It was exactly 9:32 p.m. when I settled into my favorite chair, the one with the ripped Mexican blanket that serves as a cushion. Little did I know I’d be gone within the hour. I mean gone as in disappeared. Powering up my high-speed Cyber Xtreme and 32-inch monitor, a guilt gift from my dad and the only valuable thing I own, I stared at the blank disc in my hand. According to my friend, Jimmy, it contained some secret new game his father had invented. Jimmy said his dad thought the game was faulty and I wondered why his dad would have given it to him. Most people consider Jimmy the lucky one. He lives in a mansion because his father runs some ginormous tech company. My mom and me share space with a thousand spiders in a twobedroom cottage with a thatched roof. Who in the twenty-first century lives in a house covered with a bunch of straw? Anyway, I digress. The tower purred as it swallowed the disc, the best sound in the world. It took a long time to boot which should’ve given me the first clue something was wrong. If there’s one thing that drives me crazy it’s slow processors and I knew it wasn’t my equipment. I’ve been gaming since I was six and consider myself pretty good. Especially when it comes to debugging stuff. I was stoked to figure it out, maybe make a few bucks in the process. I’m still American enough to think of dollars instead of Euros because we’ve only lived in Germany for two years. I was scrounging for a candy bar in my desk when a flame shot across the screen, burning yellow, red and blue. Not that I smoke, but it looked real enough to light a cigarette. In slow motion the fire edged letters into the screen. EarthRider. Cool name. Of course I didn’t get it then. Stupid me. Below the fire appeared a globe, the kind librarians have on their desks. The thing rotated slowly, zooming closer and closer like Google Earth. Jimmy was right, this was the coolest thing I’d ever seen, the graphics as realistic as if I’d been standing there. Bornhagen, the place we live, was marked with a front door. Enter here flashed below. I was pretty fed up waiting, my fingers twitching to hit the keys. First it took ages to load, then it showed a map? But I didn’t have much else to do except review a few algebra problems— unlike Jimmy I’ve got no trouble with math—so I clicked. On the screen giant boulders shaped themselves into a gate, opening onto a bunch of hills and a shadowy forest. In the distance, high on the mountain, I saw a castle with two towers, a pale banner fluttering limply on top. It looked vaguely familiar, but at the time I didn’t really think much about it. An ox cart moved slowly across a country road toward the castle. I sniffed. Something reeked like boiled manure. I looked around to find the source when I noticed a man on the screen scurrying along a bumpy trail. He wheezed, dragging his bare feet. He was obviously injured, the filthy rags on his right shoulder dark with blood. The screen zoomed to follow as the man darted into the woods. Giant oaks swallowed the sun, a patchwork of shadows and light in the undergrowth. At the time I remember thinking how lame this game was despite the graphics—no dragons, no monsters, nothing exciting whatsoever. Besides, I was slightly worried my mom would come in. The whiskey she likes usually puts her to sleep on the couch, but you never know. Luckily, most of the time, she doesn’t know when I pull an all-nighter. Horse gallop thudded out of nowhere. Visibly trembling the grimy-looking man hesitated for a moment before thrashing his way through bushes and undergrowth. At the edge of the forest three riders in chainmail and helmets came into view, their chestnut horses whinnying and covered in sweat. The clang of metal sliced the air as the men drew swords.
At that moment my cell rang. I remember hesitating because I thought maybe Jimmy’s dad had found out about me borrowing the game. I’d sort of pushed for it. I should’ve stopped what I was doing right then, but I was still curious and decided to ignore the phone. On the screen a yellowed scroll, its edges burned and crumbling, unfolded into a menu. Continue Level One Expert Pause Exit Upgrade to Expert now? flashed below. Cool. There was an advanced version. I moved the mouse and clicked. Instantly the screen began to pulse and recede. Like looking into a fish tank, the tree trunks, oak leaves and bushes grew larger and threedimensional, sharper and closer. I heard birds chirping and rustling in the undergrowth. And the foul smell was back. I leaned forward because all of a sudden my chest was killing me. I was stuck in a truck-sized vise, my ribs squeezing together, body compressing. My lungs throbbed and I couldn’t breathe, not even a little. My arms and legs felt numb. Do something, I thought. I pushed myself to stand. Something is wrong with the game, stop the game, my mind urged. But I couldn’t. Lights exploded behind my eyelids and I had to pay every shred of attention to the task of breathing. It occurred to me that I was having a heart attack. My mother’s face flashed by. I wanted to shout for her, but my lungs had quit for good, my tongue a rigid piece of meat. She’d find me in the morning dead on the carpet. My sight turned foggy then black. I was passing out. I sucked frantically and drew in a bit of air. Slowly with each breath the crushing heaviness disappeared. Blinking away the haze, I wiped my sweaty forehead. I should make an appointment with the family doctor. Something moved ahead. There at the edge of a clearing cowered the man in rags holding his right elbow. He trembled and now that I was closer, I saw blood dripping from his wrist. The three riders had surrounded him, their blades pointing toward the man’s neck. One rider dismounted, his face shadowed by a half helmet and curled brownish beard, his hands covered by steel gauntlets like lizard scales. The other two sat motionless, waiting. I tried to get a better view of what the horsemen were doing when I looked down. And froze. I stood on the root of an oak tree. Surely I imagined things. But those were definitely my Nikes I’d forgotten to take off when I returned home. I moved my foot. Leaves crackled. A twig snapped. Something terriblehad happened, something I couldn’t wrap my mind around. I blinked and looked to my right. Trees and undergrowth were losing themselves in the gloom. I remembered the mouse in my right hand, but when I lifted my arm, my fingers came up empty—except for the smear of something sticky on my palm. I was bleeding. Wait. The bush next to me was covered in blood. Not mine, I realized with relief. Disgusted I wiped my shaking hands with a fistful of leaves and turned to look behind me. The woods stretched into darkness—shadows within shadows nearly black. My room was gone.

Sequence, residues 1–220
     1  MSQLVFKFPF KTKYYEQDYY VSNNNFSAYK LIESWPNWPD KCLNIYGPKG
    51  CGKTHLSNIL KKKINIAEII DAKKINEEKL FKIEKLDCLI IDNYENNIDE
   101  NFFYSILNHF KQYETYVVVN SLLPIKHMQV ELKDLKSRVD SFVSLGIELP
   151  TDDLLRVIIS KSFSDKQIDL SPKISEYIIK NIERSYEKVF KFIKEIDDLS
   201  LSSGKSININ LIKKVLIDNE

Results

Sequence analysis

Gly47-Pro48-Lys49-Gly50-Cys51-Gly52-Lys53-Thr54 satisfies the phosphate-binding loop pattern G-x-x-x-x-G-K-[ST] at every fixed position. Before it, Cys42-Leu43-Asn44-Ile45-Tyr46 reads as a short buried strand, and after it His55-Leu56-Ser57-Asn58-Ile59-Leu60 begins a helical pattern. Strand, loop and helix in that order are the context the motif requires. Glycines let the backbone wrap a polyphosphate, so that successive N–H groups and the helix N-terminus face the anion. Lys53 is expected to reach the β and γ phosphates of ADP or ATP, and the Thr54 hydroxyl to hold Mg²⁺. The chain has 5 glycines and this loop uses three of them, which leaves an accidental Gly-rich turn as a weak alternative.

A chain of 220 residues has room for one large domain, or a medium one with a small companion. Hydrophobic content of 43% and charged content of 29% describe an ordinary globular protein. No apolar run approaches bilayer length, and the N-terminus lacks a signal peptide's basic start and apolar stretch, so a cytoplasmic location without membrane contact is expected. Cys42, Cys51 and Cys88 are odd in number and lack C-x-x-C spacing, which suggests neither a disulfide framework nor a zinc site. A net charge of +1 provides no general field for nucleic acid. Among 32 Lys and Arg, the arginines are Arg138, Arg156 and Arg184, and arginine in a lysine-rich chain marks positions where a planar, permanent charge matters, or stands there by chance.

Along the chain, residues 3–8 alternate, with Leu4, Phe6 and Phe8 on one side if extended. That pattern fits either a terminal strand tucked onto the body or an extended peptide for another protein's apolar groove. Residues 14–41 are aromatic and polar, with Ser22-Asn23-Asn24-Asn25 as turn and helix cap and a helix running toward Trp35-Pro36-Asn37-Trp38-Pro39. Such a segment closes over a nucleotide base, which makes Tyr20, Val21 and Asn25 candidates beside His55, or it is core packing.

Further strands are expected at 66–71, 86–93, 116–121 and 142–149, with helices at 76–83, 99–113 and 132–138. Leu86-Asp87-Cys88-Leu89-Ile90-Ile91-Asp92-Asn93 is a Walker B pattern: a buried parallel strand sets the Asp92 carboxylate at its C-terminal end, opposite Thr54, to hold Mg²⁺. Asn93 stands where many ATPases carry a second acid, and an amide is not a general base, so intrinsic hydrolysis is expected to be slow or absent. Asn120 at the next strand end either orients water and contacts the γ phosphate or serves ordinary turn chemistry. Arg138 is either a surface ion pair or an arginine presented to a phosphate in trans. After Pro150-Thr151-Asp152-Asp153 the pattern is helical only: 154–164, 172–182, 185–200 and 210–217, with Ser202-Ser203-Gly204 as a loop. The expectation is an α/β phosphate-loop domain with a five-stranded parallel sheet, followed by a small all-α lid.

**Currently ranked #1 in hot new teen fiction, medieval**
Annette Oppenlander writes historical fiction for young adults. When she isn’t in front of her computer, she loves indulging her dog, Mocha, and traveling around the U.S. and Europe to discover amazing histories. “Nearly every place holds some kind of secret, something that makes history come alive. When we scrutinize people and places closely, history is no longer a number, it turns into a story.”